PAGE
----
I found this phone in a secondhand store in St. Petersburg, Russia about a decade ago and paid about $10 for it, or whatever the equivalent in rubles was at the time.
I’d like to give a quick shout-out to someone who’s been part of this blog since the beginning, but in the past few years has been rarely seen and is now mostly forgotten.
Gaston was made by a friend of my dad’s. I don’t know how many the man made, but he gave two to my dad, who promptly painted them in Habs uniforms, gave them faces, and handed one to me and one to my brother. I named mine Gaston because it thought it was a solid French-Canadian name.
I used Gaston often. I often took him on trips with me, and on these pages showed him outside of San Quentin Penitentiary, at the corner of Haight-Ashbury and at the site of the Woodstock Festival and various other places, all the while explaining that although he was a great Habs fan, he was also quite an asshole with a checkered past.
Gaston doesn’t make an appearance very much anymore. I think he wore out his welcome. But there’s a bunch of stories involving him over in the Categories section if you feel so inclined.
I just wanted to take this opportunity to recognize and say thank you to Gaston. He was a major player on this site for a long time and he deserves it.
Under the well-used heading of “one man’s junk is another man’s treasure”, are two things I found during my recent trip to Woodstock (Bethel) and Cooperstown.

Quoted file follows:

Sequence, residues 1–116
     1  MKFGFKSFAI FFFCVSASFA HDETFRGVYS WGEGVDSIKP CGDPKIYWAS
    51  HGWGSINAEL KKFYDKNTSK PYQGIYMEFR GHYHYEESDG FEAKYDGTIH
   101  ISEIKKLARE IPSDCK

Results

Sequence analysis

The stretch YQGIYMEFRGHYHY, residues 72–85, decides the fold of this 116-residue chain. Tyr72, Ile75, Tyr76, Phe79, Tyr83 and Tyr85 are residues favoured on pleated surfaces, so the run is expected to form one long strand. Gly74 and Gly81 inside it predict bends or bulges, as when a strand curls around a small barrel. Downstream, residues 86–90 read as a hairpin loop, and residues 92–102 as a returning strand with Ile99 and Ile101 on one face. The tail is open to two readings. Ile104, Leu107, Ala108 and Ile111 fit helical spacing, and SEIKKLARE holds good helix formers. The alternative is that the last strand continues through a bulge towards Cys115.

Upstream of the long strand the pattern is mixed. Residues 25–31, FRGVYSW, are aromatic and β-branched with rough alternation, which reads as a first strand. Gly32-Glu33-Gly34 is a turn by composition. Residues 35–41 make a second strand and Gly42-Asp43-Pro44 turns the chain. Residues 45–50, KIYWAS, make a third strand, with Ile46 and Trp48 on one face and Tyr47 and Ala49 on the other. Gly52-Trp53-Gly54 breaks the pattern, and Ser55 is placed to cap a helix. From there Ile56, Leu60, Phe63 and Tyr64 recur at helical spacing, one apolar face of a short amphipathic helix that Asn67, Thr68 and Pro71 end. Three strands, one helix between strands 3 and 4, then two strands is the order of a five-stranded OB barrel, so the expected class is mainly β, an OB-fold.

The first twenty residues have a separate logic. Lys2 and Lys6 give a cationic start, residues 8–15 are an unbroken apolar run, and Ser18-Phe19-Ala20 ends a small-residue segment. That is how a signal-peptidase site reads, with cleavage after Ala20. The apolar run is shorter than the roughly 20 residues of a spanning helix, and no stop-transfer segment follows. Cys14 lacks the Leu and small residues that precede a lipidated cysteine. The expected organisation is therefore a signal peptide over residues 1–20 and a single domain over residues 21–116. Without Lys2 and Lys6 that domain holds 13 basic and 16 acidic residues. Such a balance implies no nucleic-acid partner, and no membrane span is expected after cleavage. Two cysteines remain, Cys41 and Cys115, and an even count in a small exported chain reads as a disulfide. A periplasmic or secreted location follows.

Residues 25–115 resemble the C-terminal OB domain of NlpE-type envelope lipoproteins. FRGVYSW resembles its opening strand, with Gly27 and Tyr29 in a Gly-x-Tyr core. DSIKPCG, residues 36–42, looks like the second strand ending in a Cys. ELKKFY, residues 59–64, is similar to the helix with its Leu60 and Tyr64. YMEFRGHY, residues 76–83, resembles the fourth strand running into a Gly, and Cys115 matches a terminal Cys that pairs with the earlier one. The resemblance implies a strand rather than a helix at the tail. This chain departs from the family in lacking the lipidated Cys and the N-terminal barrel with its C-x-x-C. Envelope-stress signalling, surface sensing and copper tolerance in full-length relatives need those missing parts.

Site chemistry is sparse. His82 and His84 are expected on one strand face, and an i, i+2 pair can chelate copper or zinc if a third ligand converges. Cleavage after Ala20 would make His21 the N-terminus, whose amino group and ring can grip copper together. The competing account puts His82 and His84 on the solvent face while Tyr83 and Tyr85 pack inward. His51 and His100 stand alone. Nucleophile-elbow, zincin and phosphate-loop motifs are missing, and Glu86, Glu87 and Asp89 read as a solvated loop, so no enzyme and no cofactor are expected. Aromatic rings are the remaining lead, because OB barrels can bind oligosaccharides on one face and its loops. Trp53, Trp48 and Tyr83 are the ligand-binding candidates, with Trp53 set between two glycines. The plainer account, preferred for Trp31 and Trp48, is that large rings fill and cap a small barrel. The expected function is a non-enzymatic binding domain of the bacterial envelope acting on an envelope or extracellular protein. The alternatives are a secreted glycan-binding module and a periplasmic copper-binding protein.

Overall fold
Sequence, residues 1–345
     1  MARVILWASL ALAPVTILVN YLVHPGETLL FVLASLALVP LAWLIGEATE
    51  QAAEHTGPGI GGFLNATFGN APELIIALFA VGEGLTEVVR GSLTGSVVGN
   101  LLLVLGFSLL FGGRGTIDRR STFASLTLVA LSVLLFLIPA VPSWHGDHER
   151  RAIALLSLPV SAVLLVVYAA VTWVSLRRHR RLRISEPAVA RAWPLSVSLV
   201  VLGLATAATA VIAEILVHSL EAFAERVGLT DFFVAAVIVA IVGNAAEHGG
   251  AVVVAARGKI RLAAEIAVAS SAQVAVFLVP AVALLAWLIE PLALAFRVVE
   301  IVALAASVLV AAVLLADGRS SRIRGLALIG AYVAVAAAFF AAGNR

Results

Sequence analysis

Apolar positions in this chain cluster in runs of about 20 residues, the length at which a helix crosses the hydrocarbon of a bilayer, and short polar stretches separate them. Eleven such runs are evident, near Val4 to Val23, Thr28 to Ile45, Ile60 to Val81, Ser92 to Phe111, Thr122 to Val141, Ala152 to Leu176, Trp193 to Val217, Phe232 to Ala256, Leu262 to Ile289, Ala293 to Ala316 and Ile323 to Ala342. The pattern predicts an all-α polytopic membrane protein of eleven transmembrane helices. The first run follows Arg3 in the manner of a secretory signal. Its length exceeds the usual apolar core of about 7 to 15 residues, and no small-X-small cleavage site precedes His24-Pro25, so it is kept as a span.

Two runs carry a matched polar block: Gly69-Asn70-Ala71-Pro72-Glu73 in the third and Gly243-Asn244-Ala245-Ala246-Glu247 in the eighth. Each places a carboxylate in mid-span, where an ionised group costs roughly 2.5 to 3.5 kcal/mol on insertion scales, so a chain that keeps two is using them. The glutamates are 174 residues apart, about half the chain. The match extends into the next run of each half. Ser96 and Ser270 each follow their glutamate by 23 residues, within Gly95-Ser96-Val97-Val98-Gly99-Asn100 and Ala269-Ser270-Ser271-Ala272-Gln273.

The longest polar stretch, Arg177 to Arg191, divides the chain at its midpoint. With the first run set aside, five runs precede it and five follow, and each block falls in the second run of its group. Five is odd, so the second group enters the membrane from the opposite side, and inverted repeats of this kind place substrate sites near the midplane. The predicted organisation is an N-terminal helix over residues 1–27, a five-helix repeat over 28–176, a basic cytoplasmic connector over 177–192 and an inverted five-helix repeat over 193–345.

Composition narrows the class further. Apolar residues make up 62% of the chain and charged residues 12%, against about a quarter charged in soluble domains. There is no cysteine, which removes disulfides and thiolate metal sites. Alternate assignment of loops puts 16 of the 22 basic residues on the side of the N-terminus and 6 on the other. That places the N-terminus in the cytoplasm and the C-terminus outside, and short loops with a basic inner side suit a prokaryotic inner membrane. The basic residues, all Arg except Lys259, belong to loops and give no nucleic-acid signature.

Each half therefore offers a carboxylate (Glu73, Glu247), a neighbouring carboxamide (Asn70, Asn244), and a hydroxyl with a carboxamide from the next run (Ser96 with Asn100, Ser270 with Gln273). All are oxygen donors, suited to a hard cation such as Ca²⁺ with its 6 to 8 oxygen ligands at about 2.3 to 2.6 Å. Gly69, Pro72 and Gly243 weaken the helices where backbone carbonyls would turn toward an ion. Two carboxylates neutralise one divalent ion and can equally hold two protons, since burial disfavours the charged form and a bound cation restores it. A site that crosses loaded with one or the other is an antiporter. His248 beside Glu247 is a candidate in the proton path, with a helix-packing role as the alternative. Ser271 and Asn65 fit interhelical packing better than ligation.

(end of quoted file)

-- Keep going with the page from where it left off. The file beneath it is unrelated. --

First, from the dairy farm of Max Yasgur, the man who let organizers use his land for the 1969 Woodstock festival, is this Yasgur milk bottle.
It’s not an original 1950s/60s bottle, those sell for about $500. Mine came later, I’m not sure when, and I paid $8 for it. But it’s a real Yasgur milk bottle, I’m sure there was milk in it at one point, and it looks just dandy on my shelf.
From Cooperstown, I found this. In the 1960s, Yankee Stadium sold popcorn in these and when one removed the cap, it became a megaphone! It’s perfect for my vintage popcorn box collection.
I showed some of the photos below on Facebook recently, so basically, these are for folks who aren’t on Facebook. The rest of you, just go for a beer. There some different ones, though.
Festival organizers were truly lucky to find Yasgur’s land after previous sites near the villages of Woodstock and Wallkill fell through. The site is huge, with a nice sloping hill down to the stage area, it has a nearby forest to go to the bathroom or get frisky in, and White Lake is just down the road to go skinny dipping.
It’s also been called a natural amphitheater. Just perfect, and Max Yasgur loved the kids who invaded. Many of the Bethel townsfolk didn’t though.
Lucy and I spent several hours there and came back again the next day. There’s also a beautiful museum on the site.
Below, Lucy’s video.
The peace sign at Woodstock, done with some sort of grass cutter, reminds of one I did behind my backyard in Calgary years ago. I got shit from the city for that because it was on municipal property.
The other day a package arrived from Luci’s son Denis in St. Petersburg, Russia, full of cool stuff including a couple of Russian hats, some shirts, some candies and chocolate, and this 9-inch ceramic Homer Simpson that Denis and his daughter Anastasia hand painted for me.
Gaston’s probably not going to be happy about this.